Where is cycling to work most common?
Each year for #cycletoworkday we take a look at cycling statistics across the country and try to map commuter data and find interesting trends. This is mainly because we at Beacon Dodsworth are either a little bit obsessed about cycling (I’m looking at you Toby Jarvis), or we tend to worry about the environment.
Looking past the usual suspects
Most cycling commute analysis comes to the same conclusions: Oxford and Cambridge have the highest percentage of cycle commuters. Our own home town of York usually comes in at a respectable 14%. At the other extreme, the countryside normally looks terrible, with a very low percentage of cycle commuters. As you would expect, cycling is more prevalent in urban areas, where a larger proportion of the population live closer to their place of employment and tend to be supported by dedicated cycling infrastructure. All this general analysis really underlines is those urban areas that don’t show up as cycling oases should work harder to encourage cycling.
How far away do you work?
This year we wanted to take a more well-rounded look at the problem, in a way that wouldn’t discriminate against rural areas or more sprawling cities. To start with, we looked at the last census to see what average commute distances were in any given postcode sector. The results surprised us, with an average commute across England of 16km - too far for most people to cycle, even if they were so inclined and supported by perfect health and a good cycle network (no, not you Toby!). We mapped this in our Prospex GIS to show trends across England. In most cases it shows the tiers of the commuter belt around major cities, but the borders, mid Wales, south east and west have very high average commute distances.
Cycling analysis where cycling is actually possible
To come up with a more informed analysis of cycle trends, we went back to the data and then looked at the percentage of cycle commuters out of those who travel less than 10km to work. The results seem to remove the urban bias to some extent and thankfully reduce the amount of red on the map. The map also shows some interesting areas of cycling virtue: East Anglia and the east coast, Berkshire, Gloucestershire and Hampshire.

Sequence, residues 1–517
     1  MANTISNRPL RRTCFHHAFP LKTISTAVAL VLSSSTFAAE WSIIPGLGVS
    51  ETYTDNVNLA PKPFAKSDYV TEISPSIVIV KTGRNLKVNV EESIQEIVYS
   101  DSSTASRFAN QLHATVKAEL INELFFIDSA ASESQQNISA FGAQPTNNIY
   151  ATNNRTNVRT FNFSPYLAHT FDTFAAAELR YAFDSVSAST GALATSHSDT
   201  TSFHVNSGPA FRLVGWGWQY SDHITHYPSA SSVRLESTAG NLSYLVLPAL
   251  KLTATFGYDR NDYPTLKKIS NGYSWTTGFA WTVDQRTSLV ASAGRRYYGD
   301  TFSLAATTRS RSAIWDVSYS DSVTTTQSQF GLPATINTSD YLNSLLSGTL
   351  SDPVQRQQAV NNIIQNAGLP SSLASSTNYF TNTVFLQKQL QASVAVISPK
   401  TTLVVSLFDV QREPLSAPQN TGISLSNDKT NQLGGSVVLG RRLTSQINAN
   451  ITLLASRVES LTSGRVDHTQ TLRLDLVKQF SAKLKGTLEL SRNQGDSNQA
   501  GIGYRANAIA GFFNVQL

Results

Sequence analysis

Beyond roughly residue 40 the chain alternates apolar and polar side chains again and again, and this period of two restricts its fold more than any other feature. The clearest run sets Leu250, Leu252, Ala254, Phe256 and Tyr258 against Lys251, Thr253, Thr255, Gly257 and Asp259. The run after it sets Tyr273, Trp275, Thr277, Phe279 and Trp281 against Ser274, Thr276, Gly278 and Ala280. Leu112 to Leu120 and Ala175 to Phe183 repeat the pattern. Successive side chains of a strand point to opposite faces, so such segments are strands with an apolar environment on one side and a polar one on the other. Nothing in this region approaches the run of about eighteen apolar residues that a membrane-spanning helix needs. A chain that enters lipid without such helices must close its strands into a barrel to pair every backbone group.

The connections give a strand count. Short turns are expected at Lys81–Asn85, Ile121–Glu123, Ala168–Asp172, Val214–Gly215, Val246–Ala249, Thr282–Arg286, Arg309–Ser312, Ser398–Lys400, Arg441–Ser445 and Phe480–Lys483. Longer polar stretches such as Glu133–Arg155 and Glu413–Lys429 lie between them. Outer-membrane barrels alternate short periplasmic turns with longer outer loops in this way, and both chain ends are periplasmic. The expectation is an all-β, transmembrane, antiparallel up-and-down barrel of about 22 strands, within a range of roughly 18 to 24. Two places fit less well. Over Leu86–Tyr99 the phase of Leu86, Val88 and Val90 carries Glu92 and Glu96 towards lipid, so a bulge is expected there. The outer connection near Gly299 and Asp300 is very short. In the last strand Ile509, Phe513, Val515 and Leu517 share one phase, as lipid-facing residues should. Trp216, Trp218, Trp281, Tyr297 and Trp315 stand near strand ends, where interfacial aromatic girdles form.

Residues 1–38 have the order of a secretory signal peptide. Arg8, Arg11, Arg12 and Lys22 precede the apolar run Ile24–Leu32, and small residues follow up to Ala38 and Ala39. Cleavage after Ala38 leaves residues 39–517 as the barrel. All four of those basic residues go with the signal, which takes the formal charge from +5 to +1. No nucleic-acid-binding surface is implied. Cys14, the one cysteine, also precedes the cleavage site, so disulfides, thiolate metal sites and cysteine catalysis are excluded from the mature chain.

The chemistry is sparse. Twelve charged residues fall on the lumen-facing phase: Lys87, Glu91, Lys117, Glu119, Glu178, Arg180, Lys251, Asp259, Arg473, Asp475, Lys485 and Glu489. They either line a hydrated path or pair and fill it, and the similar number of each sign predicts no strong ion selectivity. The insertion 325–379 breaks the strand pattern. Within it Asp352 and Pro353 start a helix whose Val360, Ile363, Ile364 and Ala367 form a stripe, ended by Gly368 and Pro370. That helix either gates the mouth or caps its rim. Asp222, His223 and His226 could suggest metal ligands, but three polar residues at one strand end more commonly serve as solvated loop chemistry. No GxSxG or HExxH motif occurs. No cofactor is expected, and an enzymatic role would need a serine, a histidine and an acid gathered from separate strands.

These results also hint at something that population data won’t help with - topography. A large amount of the areas with low cycling penetration are in the extreme north, north west or other areas with big flipping hills. So let’s not be too quick to judge those areas in red.
With the census being the main source of population and lifestyle data and the next census two years away, it will be fascinating to see what has changed in commuting patterns over the last 10 years and if the situation has improved. In the meantime, keep pedalling!
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Cycle to work day
Each year for #cycletoworkday we take a look at cycling statistics across the country and try to map that data and find interesting trends. This is mainly because we at Beacon Dodsworth are either a little bit obsessed about cycling, or we tend to worry about the environment.
Administrative geography is a way of dividing the country into smaller sub-divisions or areas that correspond with the area of responsibility of local authorities and government bodies. It provides an alternative to postcode geography but because it tends not to be used by consumers, it is often overlooked. We take a look at administrative geography, what it is and how to use it.
Mapping for local projects
Recently, we were contacted by a company responsible for organising charity door knockers. They needed more than 9,000 postcode sectors mapped at A4 size to pass to ground staff showing street level detail. This would enable them to use maps at a local level to plan fundraising routes and clearly define territories for each agent.
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National Vegetarian Week (#NationalVegetarianWeek) this year runs from 13th to 19th May. What better opportunity to highlight how GIS mapping can be used to create marketing campaigns and raise awareness of the benefits of eating more fruit and veg.
The foundations of geographical analysis
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Social change over 10 years
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